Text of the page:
Thank you for using the timer - this advanced tool can estimate your performance and suggest more practice questions. We have subscribed you to Daily Prep Questions via email.

Customized for You

we will pick new questions that match your level based on your Timer History

Track Your Progress

every week, we’ll send you an estimated GMAT score based on your performance

Practice Pays

we will pick new questions that match your level based on your Timer History

Not interested in getting valuable practice questions and articles delivered to your email? No problem, unsubscribe here.

It appears that you are browsing the GMAT Club forum unregistered!

Signing up is free, quick, and confidential.
Join other 350,000 members and get the full benefits of GMAT Club

Registration gives you:

Tests

Take 11 tests and quizzes from GMAT Club and leading GMAT prep companies such as Manhattan GMAT,
Knewton, and others. All are free for GMAT Club members.

Applicant Stats

View detailed applicant stats such as GPA, GMAT score, work experience, location, application
status, and more

Books/Downloads

Download thousands of study notes,
question collections, GMAT Club’s
Grammar and Math books.
All are free!

Thank you for using the timer!
We noticed you are actually not timing your practice. Click the START button first next time you use the timer.
There are many benefits to timing your practice, including:

Re: Is 5^k less than 1,000? [#permalink]
23 Feb 2012, 23:54

3

This post received KUDOS

Expert's post

1

This post was BOOKMARKED

Is 5^k less than 1,000?

Is \(5^k<1,000\)?

(1) 5^(k+1) > 3,000 --> \(5^k>600\) --> if \(k=4\) then the answer is YES: since \(600<(5^4=625)<1,000\) but if \(k=10\), for example, then the answer is NO. Not sufficient.

(2) 5^(k-1) = (5^k) - 500 --> we can solve for k and get the single numerical value of it, hence this statement is sufficient. Just to illustrate: \(5^k-5^{k-1}=500\) --> factor out \(5^{k-1}\): \(5^{k-1}(5-1)=500\) --> \(5^{k-1}=125\) --> \(k-1=3\) --> \(k=4\). Sufficient.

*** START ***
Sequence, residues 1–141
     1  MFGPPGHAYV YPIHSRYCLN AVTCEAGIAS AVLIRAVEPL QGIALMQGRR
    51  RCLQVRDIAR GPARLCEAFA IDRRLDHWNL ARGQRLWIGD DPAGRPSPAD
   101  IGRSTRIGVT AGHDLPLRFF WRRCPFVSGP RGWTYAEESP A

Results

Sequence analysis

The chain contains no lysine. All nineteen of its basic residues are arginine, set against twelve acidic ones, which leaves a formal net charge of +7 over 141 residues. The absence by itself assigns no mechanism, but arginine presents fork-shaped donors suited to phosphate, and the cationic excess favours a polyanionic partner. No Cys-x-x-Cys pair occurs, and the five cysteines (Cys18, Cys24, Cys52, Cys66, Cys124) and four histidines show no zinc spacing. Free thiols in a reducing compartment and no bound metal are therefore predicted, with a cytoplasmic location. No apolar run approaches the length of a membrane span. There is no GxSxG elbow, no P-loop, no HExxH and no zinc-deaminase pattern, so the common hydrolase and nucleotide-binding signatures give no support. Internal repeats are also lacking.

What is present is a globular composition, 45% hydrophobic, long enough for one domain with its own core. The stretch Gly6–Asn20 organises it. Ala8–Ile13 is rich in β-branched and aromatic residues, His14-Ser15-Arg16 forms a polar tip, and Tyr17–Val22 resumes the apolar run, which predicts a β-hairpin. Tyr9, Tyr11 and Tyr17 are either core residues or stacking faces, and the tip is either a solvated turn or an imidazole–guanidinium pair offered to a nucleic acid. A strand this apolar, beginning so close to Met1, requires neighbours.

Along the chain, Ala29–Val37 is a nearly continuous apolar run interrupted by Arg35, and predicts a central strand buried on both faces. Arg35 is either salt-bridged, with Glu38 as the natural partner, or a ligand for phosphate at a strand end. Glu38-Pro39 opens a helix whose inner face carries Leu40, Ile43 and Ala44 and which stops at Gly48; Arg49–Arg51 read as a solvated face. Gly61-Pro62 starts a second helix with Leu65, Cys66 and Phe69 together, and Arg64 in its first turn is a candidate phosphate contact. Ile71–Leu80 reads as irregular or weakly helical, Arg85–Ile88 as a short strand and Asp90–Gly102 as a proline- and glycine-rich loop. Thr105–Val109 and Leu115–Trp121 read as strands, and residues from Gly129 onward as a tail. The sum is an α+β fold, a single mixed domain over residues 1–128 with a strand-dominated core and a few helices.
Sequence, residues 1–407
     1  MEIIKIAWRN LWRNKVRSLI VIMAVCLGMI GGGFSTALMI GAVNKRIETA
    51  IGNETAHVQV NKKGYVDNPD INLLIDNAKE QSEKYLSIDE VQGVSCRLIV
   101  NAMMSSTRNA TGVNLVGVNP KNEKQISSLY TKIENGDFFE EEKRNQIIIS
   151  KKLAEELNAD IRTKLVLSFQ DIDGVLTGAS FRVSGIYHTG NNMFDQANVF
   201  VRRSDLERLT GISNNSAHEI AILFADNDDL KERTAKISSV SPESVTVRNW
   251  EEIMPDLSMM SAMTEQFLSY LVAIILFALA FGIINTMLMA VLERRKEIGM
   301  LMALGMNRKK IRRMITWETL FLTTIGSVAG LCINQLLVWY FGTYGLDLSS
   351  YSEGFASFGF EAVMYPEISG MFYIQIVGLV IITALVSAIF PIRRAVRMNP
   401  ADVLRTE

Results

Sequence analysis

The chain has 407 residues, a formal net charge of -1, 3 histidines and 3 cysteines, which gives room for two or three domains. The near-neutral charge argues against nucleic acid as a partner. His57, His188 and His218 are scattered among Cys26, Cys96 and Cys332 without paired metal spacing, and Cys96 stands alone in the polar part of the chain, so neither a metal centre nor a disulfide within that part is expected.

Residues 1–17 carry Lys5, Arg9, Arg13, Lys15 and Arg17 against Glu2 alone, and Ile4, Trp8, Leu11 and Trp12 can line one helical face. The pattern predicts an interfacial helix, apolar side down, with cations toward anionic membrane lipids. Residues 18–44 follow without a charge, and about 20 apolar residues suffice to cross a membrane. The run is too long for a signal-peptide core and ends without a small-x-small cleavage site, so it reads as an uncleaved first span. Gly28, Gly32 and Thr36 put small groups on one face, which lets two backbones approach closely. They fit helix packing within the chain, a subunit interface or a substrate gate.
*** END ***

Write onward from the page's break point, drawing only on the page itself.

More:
Re: Is 5^k less than 1,000? [#permalink]
11 Dec 2013, 21:24

Bunuel wrote:

Is 5^k less than 1,000?

Is \(5^k<1,000\)?

(1) 5^(k+1) > 3,000 --> \(5^k>600\) --> if \(k=4\) then the answer is YES: since \(600<(5^4=625)<1,000\) but if \(k=10\), for example, then the answer is NO. Not sufficient.

(2) 5^(k-1) = (5^k) - 500 --> we can solve for k and get the single numerical value of it, hence this statement is sufficient. Just to illustrate: \(5^k-5^{k-1}=500\) --> factor out \(5^{k-1}\): \(5^{k-1}(5-1)=500\) --> \(5^{k-1}=125\) --> \(k-1=3\) --> \(k=4\). Sufficient.

Answer: B.

Hope it's clear.

Hey Bunuel,

could you explain why you can factor out 5^k-1 from 5^k? I don't understand why that is possible.

Re: Is 5^k less than 1,000? [#permalink]
12 Dec 2013, 02:20

Expert's post

unceldolan wrote:

Bunuel wrote:

Is 5^k less than 1,000?

Is \(5^k<1,000\)?

(1) 5^(k+1) > 3,000 --> \(5^k>600\) --> if \(k=4\) then the answer is YES: since \(600<(5^4=625)<1,000\) but if \(k=10\), for example, then the answer is NO. Not sufficient.

(2) 5^(k-1) = (5^k) - 500 --> we can solve for k and get the single numerical value of it, hence this statement is sufficient. Just to illustrate: \(5^k-5^{k-1}=500\) --> factor out \(5^{k-1}\): \(5^{k-1}(5-1)=500\) --> \(5^{k-1}=125\) --> \(k-1=3\) --> \(k=4\). Sufficient.

Answer: B.

Hope it's clear.

Hey Bunuel,

could you explain why you can factor out 5^k-1 from 5^k? I don't understand why that is possible.

Operations involving the same bases: Keep the base, add or subtract the exponent (add for multiplication, subtract for division) \(a^n*a^m=a^{n+m}\)

Re: Is 5^k less than 1,000? (1) 5^(k+1) > 3,000 [#permalink]
12 Nov 2014, 00:37

If we know the first few powers of 5 it gets real easy. for example \(5^2=25, 5^3=125, 5^4=25^2=625, 5^5=3125\)

I read somewhere that a gmat taker should ideally know these - decimal value of common fractions- 1/2, 1/3, 1/4, 1/5- in turn we'll know 2/3, 2/5, 3/4, 1/8... - factorials till 6! maybe - perfect squares (say till 25) - first 5 powers of 2,3,4,5

Sorry if this is bad advice. Works for some, not all.

gmatclubot

Re: Is 5^k less than 1,000? (1) 5^(k+1) > 3,000
[#permalink]
12 Nov 2014, 00:37

Interested in applying for an MBA? In the fourth and final part of our live QA series with guest expert Chioma Isiadinso, co-founder of consultancy Expartus and former admissions...